from utilisation for consumption, such as hunting and slash and burn. These facts should not
lead, however, to a romantic view of the local population as the major conservationists of forests
and biological diversity. An evaluation of the hunting techniques actually employed in forest
zones shows that they are not selective and neglect any idea of a wise use of game resources.

4.

THE ROLE OF GAME RESOURCES IN SUSTAINABLE FOREST


MANAGEMENT

The question of how the local population perceives the forest resources may shed a light on their
potential role in wildlife management. To the rural population, forests are virgin and fertile areas
for agriculture. Non-timber forest products like game are considered as cheap and available
sources of food. Exploiting these resources is seen as regional rural development. The subsequent
ecological degradation is something abstract, becoming real only in the long run. The local
population does not at present take it into account.
Sustainable forest management implies controlled utilisation of forest resources according to
land-use plans which are useful only if feasible and supported by the local population. The total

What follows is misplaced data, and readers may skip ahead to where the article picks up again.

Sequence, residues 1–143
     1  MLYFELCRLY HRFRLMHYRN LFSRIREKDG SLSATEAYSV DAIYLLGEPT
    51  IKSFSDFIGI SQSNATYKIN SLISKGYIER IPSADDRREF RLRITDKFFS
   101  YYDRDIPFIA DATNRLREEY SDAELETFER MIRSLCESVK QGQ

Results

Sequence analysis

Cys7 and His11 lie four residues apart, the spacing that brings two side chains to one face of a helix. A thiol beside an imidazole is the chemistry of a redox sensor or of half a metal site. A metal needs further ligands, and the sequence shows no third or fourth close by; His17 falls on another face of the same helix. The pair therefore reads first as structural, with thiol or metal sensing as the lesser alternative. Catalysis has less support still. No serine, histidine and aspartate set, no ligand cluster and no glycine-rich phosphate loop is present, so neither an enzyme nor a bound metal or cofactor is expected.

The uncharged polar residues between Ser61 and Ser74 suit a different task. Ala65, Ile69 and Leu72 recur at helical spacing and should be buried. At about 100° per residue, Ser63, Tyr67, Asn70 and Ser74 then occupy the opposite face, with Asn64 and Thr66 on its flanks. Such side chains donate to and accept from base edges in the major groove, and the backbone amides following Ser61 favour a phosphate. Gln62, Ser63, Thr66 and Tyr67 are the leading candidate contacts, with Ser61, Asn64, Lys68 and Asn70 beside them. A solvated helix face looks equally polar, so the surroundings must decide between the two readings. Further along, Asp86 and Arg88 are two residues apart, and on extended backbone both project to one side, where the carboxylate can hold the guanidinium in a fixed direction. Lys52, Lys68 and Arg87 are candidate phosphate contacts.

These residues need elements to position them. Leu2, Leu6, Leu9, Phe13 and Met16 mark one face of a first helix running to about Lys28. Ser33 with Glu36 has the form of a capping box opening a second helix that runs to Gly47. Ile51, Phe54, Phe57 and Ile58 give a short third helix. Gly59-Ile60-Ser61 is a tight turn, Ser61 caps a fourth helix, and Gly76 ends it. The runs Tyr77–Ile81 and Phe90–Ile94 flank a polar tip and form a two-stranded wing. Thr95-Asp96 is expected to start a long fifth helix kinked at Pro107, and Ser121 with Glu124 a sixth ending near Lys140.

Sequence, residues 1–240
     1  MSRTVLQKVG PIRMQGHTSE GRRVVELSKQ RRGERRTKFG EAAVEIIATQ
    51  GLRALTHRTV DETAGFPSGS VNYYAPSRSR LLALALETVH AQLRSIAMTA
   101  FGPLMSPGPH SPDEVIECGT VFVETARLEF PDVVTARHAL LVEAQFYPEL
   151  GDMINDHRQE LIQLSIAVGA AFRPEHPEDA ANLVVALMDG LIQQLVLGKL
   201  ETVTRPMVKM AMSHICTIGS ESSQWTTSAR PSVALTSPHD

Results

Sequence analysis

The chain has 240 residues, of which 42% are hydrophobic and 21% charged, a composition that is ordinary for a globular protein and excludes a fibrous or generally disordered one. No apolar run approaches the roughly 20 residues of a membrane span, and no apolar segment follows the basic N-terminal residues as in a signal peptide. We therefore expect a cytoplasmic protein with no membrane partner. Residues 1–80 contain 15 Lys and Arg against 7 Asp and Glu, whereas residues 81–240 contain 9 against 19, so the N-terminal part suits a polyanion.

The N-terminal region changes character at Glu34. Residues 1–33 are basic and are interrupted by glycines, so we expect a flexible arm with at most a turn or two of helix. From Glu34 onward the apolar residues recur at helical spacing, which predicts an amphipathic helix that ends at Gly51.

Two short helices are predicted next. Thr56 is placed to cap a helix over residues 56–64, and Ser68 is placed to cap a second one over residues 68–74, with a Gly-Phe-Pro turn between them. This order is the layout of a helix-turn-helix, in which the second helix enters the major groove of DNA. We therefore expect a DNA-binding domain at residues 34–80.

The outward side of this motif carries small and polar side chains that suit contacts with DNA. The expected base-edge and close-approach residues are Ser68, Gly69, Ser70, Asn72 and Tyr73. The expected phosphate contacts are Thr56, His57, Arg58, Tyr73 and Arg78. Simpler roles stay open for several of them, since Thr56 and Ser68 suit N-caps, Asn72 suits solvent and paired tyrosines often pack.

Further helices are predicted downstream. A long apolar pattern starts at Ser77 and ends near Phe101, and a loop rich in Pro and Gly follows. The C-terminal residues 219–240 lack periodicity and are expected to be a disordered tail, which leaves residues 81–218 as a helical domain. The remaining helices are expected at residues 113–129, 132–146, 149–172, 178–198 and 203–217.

exclusion of wildlife utilisation for consumption may be a solution for protected areas, but in the
peripheral zones of protected areas and on communal lands the utilisation of game resources
should be integrated into land-use plans in order to share the potential benefits of the resource
with the local population. This may increase the acceptance of measures to prohibit exploitation
in protected areas.

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The Tropenbos Foundation, Wageningen, the Netherlands

Wildlife management which offers an economic benefit to the rural population can therefore
contribute not only to sustainable forest management, but also to regional rural development,
while disposing people towards the idea of conservation.

5.

THE POTENTIAL OF GAME RESOURCES

The economics of wildlife utilisation in the study area are still unknown. In the West African
subregion they can be considered at different levels. The macro economic importance of wildlife
usage in several sub-Saharan countries is considerable. The annual gross income derived from
village hunting (informal sector) in Cte dIvoire is estimated at US$ 121 million, whereas the
incomes of the formal sector (wildlife tourism) reached only US$ 0.7 million. Similar proportions
are known from Burkina Faso, where the formal sector (tourism, breeding, controlled village
hunting and trophy hunting) reached a value of US$ 2.9 million, whereas the revenues of the
informal sector (poaching and uncontrolled village hunting) were estimated at US$ 33.7 million
(Chardonnet, 1995).
A look at the supplementary income derived from the consumption of game resources in smallscale agricultural households in southeastern Cte dIvoire shows that the annual income per
capita is small. We estimated these incomes at 5,500 F.CFA (US$ 10 or ECU 8) for subsistence